Ikea pushes back against Belarus prison labour allegations

Furniture giant Ikea on Thursday defended its procedures to verify suppliers following an investigation by media outlet Disclose showed links between several of its former suppliers in Belarus and forced prison labour.

Ikea pushes back against Belarus prison labour allegations
Photo: Lise ├ůserud/NTB/TT/Scanpix

The Sweden-based company, which cut ties with its Belarusian suppliers in March following Russia’s invasion of Ukraine, admitted it could not completely rule out the links to prison labour.

“There is, unfortunately, no system in the world that’s so strong that it can guarantee zero risk of misconduct,” the company told AFP.

Ikea said it does “not accept any forced, bonded, and prison labour” and that suppliers must comply with standards, including International Labour Organization conventions.

“To verify that IKEA suppliers are complying with these requirements, we have a well-established process,” the company said, adding it included assessments at suppliers, compliance verification and follow-ups on action plans for “all non-conformities”.

According to Disclose’s investigation, several Belarusian companies that were until recently on Ikea’s list of suppliers have collaborated with a total of at least five prisons and penal colonies.

The Belarusian subcontractors, including Mogotex and Ivatsevichdrev, had relied on prison labour from the prisons IK-2, IK-4, IK-9, IK-15 and Rypp5, according to Disclose’s investigation.

“These are forced labour camps that are particularly brutal, known for practising torture as well as food and healthcare deprivation,” the French media outlet noted.

Ikea announced in early March that it was suspending its activities in Russia and Belarus, and later announced it was withdrawing from both countries.

In Belarus, the furniture company had no shops, but estimated that its subcontractors employed some 10,000 people, compared to 15,000 direct Ikea employees and 50,000 employed by subcontractors in Russia.

The Swedish-based multinational, which is mainly controlled by holding companies registered in the Netherlands, has already been seen another prison labour scandal.

In 2012, following an internal investigation, Ikea admitted that some of its suppliers had used forced labour of political prisoners in East Germany in the 1970s and 1980s.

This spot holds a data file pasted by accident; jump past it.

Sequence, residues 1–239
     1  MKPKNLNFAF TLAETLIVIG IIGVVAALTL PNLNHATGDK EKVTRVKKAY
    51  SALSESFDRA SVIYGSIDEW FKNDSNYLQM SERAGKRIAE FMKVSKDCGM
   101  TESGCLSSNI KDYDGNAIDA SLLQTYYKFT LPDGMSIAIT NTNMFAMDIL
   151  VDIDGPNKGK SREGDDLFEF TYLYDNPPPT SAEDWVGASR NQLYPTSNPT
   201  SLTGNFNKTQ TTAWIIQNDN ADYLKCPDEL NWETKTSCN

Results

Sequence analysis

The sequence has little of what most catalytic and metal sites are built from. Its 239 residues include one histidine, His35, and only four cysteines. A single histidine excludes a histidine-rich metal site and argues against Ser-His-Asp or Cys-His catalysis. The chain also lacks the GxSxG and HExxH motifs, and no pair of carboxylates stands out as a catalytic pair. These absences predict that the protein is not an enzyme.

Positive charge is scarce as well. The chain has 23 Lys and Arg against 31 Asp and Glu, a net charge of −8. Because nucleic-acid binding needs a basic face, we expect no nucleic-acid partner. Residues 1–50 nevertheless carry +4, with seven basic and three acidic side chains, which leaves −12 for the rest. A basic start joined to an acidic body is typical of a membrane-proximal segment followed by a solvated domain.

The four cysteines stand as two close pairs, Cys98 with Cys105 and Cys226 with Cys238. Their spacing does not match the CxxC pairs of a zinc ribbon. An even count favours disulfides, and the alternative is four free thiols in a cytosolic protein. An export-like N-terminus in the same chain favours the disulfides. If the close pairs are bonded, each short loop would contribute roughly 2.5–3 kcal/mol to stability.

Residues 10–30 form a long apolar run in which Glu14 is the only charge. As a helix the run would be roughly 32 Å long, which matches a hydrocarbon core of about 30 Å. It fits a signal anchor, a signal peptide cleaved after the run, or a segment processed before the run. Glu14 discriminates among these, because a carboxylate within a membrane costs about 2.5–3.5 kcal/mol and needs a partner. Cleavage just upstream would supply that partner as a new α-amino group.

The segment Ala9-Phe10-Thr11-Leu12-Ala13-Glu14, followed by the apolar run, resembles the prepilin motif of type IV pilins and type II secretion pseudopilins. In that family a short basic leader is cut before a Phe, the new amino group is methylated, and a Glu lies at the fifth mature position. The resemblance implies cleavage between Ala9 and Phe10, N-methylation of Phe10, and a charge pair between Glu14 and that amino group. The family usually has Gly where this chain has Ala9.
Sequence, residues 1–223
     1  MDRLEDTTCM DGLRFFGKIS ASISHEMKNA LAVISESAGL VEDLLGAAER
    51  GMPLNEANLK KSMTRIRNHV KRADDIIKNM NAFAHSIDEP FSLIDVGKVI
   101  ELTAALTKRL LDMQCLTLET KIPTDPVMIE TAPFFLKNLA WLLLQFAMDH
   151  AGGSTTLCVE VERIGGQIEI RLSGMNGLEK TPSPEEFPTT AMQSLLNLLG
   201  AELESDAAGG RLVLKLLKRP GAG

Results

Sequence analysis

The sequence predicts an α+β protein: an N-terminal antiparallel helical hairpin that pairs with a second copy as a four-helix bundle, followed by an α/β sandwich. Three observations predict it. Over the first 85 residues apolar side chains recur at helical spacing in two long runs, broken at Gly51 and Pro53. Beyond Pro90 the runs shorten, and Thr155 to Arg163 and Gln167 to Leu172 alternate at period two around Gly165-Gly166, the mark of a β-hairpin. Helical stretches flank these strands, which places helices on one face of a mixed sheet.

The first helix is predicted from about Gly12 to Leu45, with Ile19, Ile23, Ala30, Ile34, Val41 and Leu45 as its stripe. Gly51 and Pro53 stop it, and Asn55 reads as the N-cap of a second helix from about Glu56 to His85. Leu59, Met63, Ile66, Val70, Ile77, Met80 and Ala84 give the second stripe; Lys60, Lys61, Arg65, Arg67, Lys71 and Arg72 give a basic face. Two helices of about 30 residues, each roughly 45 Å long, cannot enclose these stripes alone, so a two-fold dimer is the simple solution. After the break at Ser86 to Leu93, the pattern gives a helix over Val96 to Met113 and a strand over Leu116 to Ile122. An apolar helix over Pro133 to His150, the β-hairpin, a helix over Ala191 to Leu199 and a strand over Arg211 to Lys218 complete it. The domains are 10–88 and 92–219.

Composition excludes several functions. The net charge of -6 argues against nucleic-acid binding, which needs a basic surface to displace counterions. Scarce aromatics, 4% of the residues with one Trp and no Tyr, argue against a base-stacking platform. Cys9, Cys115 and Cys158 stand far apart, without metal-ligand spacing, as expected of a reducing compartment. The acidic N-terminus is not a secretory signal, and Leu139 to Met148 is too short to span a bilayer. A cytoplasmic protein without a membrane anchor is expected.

The internal audit was initiated following revelations by a Swedish investigative programme.

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Ikea to ‘scale down’ operations in Russia and Belarus over Ukraine

Swedish furniture giant Ikea said Wednesday it would "scale down" its activities in Russia and Belarus, after putting them on hold following the Russian invasion of Ukraine.

Ikea to 'scale down' operations in Russia and Belarus over Ukraine

Along with a slew of Western companies, Ikea announced in early March that it was suspending its Russian and Belarusian activities, affecting nearly 15,000 employees.

“Unfortunately, the circumstances have not improved, and the devastating war continues,” Ingka Group, which manages the majority of Ikea’s stores, said in a statement on Wednesday.

“Businesses and supply chains across the world have been heavily impacted and we do not see that it is possible to resume operations any time soon,” the company said, adding that it and the Inter Ikea Group had “decided to enter a new phase to further scale down the Ikea business in Russia and Belarus.”

The group said the retail business “will remain stopped, and the workforce will be reduced, meaning that many co-workers will be affected.”

Ikea has a total of 15,000 employees in Russia, including 12,500 employed by Ingka Group, the company said.

An Ingka Group spokesman said the company was not yet able to provide details on how many would be let go.

The company added that it planned “to sell out its home furnishing inventory in Russia,” and that the production side in Russia will “reduce the workforce and start the process of finding new ownership for all four factories.”

Two purchasing and logistics offices in Moscow and Minsk would also be permanently closed.

The Russian invasion of Ukraine, along with triggering unprecedented sanctions, sparked an exodus of foreign corporations including H&M, Starbucks and McDonalds.